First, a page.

The Training of the Eye
One of the greatest dangers facing dog judges when they begin is the flat catcher, a term that I understand originated in the equestrian world and was used to describe a horse that appeared superficially to be far better than it was in reality. In dogs, there are several factors that can contribute to this artificial appeal, one of the most common being the “showmanship” displayed by an extrovert dog who may have constructional failings. In terms of structure, we see many dogs in breeds that are basically generic in conformation (and for the purpose of this offering these are the breeds I refer to; obviously many breeds are quite different in their physical construction) that have long necks, upright shoulders, and short upper arms, creating a very straight forehand profile. Over-long necks and upright fronts, coupled with “attitude”, can give a dog a certain bearing and eye-catching quality and this is where some judges can be fooled. Often the lack of angulation in the front assembly is accompanied by excessive angulation of the rear, giving the dog a rather dramatic outline, which seems to be accepted by many despite its incorrectness. A dog that is necky and unbalanced in its angulation can appear taller and more impressive to the uninitiated than the correctly angulated and perfectly balanced competitor with the medium length of neck required by the Breed Standard. This is where it is essential that the formative eye is trained to recognize and focus on what is CORRECT. Often the dog that does not appear “flashy” at first glance may well be the best on the day and more faithful to Breed Type. Close inspection during the hands-on examination should enable judges to appreciate overall correctness and focus on it. Movement in the show ring is not just about how a dog carries itself, but how its skeleton and musculature enable it to cover the ground. The perfectly moderate dog, with complementary angulation of front and rear, will invariably display more reach and drive and cover the ground more effortlessly than the dog who appears “upstanding” by virtue of its constructional shortcomings. Over the years I am sure we have all used the expression “caught my eye as soon as he entered the ring”; let’s hope it did so for the right reasons.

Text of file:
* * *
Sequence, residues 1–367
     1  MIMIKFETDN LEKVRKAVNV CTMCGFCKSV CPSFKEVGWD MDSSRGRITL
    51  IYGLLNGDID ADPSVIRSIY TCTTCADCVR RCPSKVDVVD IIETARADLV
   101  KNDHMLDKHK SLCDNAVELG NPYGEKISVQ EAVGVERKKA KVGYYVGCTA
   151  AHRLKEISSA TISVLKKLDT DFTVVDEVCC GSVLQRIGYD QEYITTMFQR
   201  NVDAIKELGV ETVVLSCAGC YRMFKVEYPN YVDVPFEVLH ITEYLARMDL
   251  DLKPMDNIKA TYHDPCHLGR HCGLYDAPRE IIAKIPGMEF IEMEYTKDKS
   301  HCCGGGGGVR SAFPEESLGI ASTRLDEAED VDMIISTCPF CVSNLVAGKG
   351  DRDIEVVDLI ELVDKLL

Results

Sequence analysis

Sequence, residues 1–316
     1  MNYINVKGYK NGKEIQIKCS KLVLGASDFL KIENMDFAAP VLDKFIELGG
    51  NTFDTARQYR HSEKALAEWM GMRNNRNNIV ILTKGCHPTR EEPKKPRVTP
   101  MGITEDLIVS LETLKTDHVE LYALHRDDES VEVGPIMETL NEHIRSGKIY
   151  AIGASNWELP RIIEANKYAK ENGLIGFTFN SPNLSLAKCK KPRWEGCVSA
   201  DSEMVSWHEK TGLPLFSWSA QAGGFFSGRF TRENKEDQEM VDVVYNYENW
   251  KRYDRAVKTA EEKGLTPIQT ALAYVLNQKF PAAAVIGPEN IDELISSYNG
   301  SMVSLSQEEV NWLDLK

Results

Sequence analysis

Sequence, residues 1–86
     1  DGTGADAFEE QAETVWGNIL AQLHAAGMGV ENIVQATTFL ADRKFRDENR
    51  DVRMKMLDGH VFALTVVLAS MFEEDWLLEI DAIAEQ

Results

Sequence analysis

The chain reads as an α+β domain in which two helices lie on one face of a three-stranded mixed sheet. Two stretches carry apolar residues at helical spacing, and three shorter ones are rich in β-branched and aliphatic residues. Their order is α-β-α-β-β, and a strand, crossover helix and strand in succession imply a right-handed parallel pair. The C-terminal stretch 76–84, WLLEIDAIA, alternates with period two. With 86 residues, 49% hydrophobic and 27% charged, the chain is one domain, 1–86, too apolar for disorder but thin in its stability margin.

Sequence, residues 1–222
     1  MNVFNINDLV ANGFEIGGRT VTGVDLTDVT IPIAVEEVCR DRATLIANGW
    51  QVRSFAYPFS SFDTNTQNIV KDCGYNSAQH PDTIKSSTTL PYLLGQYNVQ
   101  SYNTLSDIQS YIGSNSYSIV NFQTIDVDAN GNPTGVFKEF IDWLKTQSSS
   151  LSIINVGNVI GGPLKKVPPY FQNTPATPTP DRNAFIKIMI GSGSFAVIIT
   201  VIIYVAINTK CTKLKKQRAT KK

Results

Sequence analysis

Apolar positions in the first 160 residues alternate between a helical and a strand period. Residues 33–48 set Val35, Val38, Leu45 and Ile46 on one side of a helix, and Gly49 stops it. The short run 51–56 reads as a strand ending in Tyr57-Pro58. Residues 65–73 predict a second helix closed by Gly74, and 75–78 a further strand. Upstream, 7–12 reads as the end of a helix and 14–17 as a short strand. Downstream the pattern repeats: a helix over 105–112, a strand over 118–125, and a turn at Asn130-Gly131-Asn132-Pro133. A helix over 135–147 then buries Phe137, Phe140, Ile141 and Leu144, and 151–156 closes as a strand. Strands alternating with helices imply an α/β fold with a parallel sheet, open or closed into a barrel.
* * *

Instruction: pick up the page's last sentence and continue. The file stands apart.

Andrew H. Brace ©2023